The Task Builder is a nice tool, both for children who cannot cognitively process multi-step directions and for young children who lack maturity to recall multi-step directions. It records the steps of a process and the child can play them back until he or she has completed all parts of a process.
As a software application, word prediction is a great feature for both children with disabilities and children who are still learning how to write. When a group of letters is typed in that do not match with a known word, the program suggests likely possibilities. This would make writing easier for a person who has motor or cognitive issues, or help a young learner with the complex task of writing.
particularly helpful in developing your knowledge about assistive technology
EnableMart was particularly helpful to me. I actually did my own research last week for an assistive technology plan, and I came across the EnableMart website and found it to be informative and have a large number of hardware and software items for a wide variety of needs.
Sunday, November 8, 2009
I teach second grade. Currently, I have one child from the life skills room who attends part of each day in my classroom. Bruce has a "talking box" that we call a Mo. It has several screens that, if he touches a picture on any of them, will do his talking for him. The phrases are rudimentary, but since Bruce is extremely limited in his speech, it gives all of us a good idea of what he wants. Early in the school year, Bruce's aid and I introduced the Mo to our classroom so that everyone would know what Bruce had and what it does.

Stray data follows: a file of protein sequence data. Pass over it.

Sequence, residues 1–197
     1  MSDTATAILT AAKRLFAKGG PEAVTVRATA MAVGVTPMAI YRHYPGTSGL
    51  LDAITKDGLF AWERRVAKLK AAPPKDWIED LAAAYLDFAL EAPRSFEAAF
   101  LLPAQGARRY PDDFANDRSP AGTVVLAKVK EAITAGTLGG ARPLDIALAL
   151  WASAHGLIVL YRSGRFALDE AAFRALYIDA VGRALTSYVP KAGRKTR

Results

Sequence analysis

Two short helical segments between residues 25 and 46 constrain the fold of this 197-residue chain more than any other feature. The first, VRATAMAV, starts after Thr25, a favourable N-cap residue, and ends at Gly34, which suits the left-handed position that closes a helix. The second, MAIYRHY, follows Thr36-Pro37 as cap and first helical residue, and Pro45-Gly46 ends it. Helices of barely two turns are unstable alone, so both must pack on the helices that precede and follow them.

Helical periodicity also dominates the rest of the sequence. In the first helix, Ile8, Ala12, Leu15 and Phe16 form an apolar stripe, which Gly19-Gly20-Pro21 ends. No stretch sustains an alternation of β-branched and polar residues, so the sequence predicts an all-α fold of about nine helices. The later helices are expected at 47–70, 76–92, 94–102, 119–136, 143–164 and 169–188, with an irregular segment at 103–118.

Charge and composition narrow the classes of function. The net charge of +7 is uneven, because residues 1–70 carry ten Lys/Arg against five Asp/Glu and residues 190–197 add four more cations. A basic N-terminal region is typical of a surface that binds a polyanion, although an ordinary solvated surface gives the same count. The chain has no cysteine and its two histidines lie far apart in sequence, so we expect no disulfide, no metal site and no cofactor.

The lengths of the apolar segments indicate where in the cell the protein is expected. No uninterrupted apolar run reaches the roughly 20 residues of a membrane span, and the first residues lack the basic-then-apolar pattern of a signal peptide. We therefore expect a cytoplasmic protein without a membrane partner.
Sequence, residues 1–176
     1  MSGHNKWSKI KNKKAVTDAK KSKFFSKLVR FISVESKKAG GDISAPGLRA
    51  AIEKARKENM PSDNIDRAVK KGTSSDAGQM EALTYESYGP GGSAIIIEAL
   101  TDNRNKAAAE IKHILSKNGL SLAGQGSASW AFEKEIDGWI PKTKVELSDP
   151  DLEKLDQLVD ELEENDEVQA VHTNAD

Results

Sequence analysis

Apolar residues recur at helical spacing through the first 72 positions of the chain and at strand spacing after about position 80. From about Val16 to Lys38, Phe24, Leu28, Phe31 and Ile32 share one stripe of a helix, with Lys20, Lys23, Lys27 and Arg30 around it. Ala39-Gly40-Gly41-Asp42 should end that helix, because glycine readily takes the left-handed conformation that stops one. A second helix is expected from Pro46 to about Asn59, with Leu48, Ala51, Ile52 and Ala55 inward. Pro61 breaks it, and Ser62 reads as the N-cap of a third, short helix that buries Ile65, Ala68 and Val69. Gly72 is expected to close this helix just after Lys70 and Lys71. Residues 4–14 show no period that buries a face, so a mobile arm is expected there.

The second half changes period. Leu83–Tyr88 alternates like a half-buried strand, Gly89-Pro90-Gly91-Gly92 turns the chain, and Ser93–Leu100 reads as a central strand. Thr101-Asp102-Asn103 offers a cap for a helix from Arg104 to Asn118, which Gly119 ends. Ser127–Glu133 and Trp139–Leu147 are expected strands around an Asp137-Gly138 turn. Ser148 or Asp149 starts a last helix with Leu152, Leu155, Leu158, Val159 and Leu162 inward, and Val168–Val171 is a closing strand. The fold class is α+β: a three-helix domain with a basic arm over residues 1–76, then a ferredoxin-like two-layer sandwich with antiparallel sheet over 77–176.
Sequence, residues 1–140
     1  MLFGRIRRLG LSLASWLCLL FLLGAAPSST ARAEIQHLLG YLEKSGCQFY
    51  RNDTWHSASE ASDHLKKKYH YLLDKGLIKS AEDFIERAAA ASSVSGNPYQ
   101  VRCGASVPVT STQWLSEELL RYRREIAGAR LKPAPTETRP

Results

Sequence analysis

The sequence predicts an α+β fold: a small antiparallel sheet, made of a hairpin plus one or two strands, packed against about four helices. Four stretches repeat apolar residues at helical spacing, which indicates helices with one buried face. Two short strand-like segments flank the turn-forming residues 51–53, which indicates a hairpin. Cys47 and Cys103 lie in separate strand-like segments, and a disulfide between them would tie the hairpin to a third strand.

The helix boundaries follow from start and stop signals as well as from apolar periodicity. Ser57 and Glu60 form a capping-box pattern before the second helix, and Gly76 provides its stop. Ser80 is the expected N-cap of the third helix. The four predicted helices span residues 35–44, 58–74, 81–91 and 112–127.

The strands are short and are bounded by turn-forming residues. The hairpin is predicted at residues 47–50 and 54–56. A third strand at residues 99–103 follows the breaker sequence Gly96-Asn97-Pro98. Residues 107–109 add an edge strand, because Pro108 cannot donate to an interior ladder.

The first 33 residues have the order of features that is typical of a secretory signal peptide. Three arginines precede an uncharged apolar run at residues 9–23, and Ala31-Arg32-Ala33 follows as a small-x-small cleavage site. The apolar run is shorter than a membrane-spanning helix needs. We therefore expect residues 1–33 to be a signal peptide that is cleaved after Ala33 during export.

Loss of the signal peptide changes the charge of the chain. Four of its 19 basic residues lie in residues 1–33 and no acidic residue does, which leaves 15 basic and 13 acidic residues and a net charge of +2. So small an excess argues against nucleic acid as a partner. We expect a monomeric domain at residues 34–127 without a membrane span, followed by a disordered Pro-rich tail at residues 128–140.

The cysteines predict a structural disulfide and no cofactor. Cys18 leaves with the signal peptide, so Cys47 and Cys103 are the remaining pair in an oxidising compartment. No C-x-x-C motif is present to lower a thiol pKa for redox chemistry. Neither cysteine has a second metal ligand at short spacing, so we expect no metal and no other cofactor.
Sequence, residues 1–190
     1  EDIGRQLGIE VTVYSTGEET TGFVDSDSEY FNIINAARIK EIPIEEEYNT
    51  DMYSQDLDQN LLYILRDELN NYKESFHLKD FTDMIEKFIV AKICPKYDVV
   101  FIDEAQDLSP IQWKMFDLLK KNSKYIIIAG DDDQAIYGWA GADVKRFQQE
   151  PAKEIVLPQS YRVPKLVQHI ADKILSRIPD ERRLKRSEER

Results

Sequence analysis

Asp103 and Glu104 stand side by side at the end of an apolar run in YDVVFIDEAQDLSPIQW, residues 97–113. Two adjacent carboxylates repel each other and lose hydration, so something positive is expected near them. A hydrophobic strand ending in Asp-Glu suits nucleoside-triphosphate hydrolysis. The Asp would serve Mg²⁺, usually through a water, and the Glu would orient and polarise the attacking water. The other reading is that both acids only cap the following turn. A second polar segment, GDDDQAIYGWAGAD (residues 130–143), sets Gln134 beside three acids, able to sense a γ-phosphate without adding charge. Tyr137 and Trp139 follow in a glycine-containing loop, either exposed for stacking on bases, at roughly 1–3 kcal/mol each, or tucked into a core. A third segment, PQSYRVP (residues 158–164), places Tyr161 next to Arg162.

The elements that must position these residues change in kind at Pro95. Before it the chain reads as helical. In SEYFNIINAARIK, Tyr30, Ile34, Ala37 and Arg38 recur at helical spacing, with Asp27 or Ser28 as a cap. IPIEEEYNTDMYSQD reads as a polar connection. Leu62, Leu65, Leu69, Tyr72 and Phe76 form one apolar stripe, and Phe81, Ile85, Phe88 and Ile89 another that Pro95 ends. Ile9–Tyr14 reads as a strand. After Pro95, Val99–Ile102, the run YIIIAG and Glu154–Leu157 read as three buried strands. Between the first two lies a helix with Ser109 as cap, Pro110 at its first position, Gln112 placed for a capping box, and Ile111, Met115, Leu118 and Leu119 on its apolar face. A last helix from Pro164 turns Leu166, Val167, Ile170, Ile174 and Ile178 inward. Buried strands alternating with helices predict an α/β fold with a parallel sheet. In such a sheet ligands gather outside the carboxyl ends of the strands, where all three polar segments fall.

Similarly, if I needed to teach Braille to my students, I would introduce it whole class. Hopefully the student who uses it would be proficient enough to demonstrate how this works and why it is important to know. After showing some of the letters and combining those letters to make words, I would have the children practice using Braille in pairs. This would lend itself well to my elementary aged group because of the tactile nature of Braille. After some practice, we would use our new knowledge to interpret some Braille literature. To continue to reinforce the skill, I would have a Braille center that each child would rotate through on a biweekly basis.
In reviewing The National Center for Learning Disabilities website, I clicked on most of the links to see if there was new information out there for me. As a teacher of emergent readers, I often am part of the diagnostic process when a child has a learning disability, and as part of a team of educators, I have access to many modifications and ideas about assisting these children in a regular classroom. The information I saw on this website reflected current thinking, but it was more general in each area than the information that I have been working with. I would use this more to expose or introduce educators to the types of needs they may experience int heir classrooms.